Wintersleep at The CommodorePhotos by Alex Ramon
When going to a show, people usually skip the opening acts and come right for the headliners. I, on the other hand, come for the entire show, because let’s face it, most bands usually bring some stellar supporting acts that would one day become headliners themselves. I try not to skip out for something I paid for, and usually I get it right. Of course there are those odd times when I’m not satisfied with a band I see, and it turns out when Wintersleep came to Vancouver to play at The Commodore, I was a little disappointed with the two bands that opened up, especially the second one (I won’t mention band names, but what kind of singer chews gum during their set?). I’ll leave the band names out of this article, but I think everyone in attendance would concur, because there was hardly any applause and people seemed listless, waiting in anticipation for one band, and one band only, Wintersleep.
It’s been a whirlwind adventure for this five-piece ensemble, which is comprised of Paul Murphy, Mike Bigelow, Loel Campbell, Tim D’eon, and Jon Samuel. This Juno Award winning rock band from Halifax, Nova Scotia was formed all the way back in 2002 and since then, have gone on to release two studio albums under the Dependent Music label, later signing to Labwork Music, which is an extension of EMI Music Canada, and then releasing their 2007 smash “Welcome to the Night Sky.” With this album they got the recognition they deserve by winning the Juno Award for New Group of the Year in 2008. (On a side-note, some members from Wintersleep also played in a nice little band called Holy Fuck.)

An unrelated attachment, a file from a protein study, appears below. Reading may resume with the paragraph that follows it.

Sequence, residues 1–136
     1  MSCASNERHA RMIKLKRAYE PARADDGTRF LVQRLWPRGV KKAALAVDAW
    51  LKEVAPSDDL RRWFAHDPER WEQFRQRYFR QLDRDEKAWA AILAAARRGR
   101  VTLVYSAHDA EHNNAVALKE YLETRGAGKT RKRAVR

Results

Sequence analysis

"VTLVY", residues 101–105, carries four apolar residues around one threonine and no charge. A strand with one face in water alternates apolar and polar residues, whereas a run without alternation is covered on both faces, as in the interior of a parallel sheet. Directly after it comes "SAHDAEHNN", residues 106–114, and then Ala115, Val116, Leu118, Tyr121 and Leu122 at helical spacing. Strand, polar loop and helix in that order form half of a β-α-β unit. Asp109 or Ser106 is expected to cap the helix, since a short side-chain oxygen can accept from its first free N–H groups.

As I mentioned before, the opening acts were not what any of us expected, so when Wintersleep finally hit the stage, all the pent up energy finally exploded from the crowd, who started filing onto the dance floor like cows being herded into the slaughter barn (sorry for being so graphic… but that was the first image that popped into my head).
The band started off with a long instrumental build-up that reminded me a lot of some stadium rock we would expect from the likes of Coldplay. The last time I saw these Nova Scotians (is that even a word?), was back when they played at Pemberton, and even though they had to borrow instruments they still managed to wowed me. Since then, they’ve really matured as performers, becoming a more cohesive unit. They would frequently go into these uncontrolled instrumental jam sessions, which were actually very well organized and executed to perfection. They sure do know how to have fun up on that stage, constantly jumping and moving until sweat started dripping from their foreheads. For me, Wintersleep has that mystical component, where their songs go deep within my soul. It’s hard to explain, but it’s like an eerie creature crawled inside of me, lying dormant until I heard them again (like I said, it’s hard to explain!).
Of course there were many highlights from their set, but I’ll just name a few that stood out for me. “Archaeologists” was one of my favourite songs, especially when they broke out into the “Ah-ah-ah” harmonies at the beginning of the track. And then of course there’s “Weighty Ghost,” where I had a constant whiff of something burning on the dance floor that tickled my nose hairs (puffs of smoke were being blown up towards the ceiling and we all know what that means in our beautiful city). The other song that caught my attention, “Encyclopaedia,” isn’t even released yet. If I’m not mistaken, one of the lines in the chorus stated that “encyclopaedia hurts.” Maybe I’m looking too deep into this, but the band could possibly be stating that information could be dangerous. But alas, it doesn’t matter what I think, because they received a loud ovation after each of those three songs.
At the end of the night, people forgot about those two sub-standard opening acts, and would only remember how wonderful and exquisite the Wintersleep set was. They saved what could have been a potentially disastrous night, and turned it into one that was filled with joy and happiness (and drunkenness for some).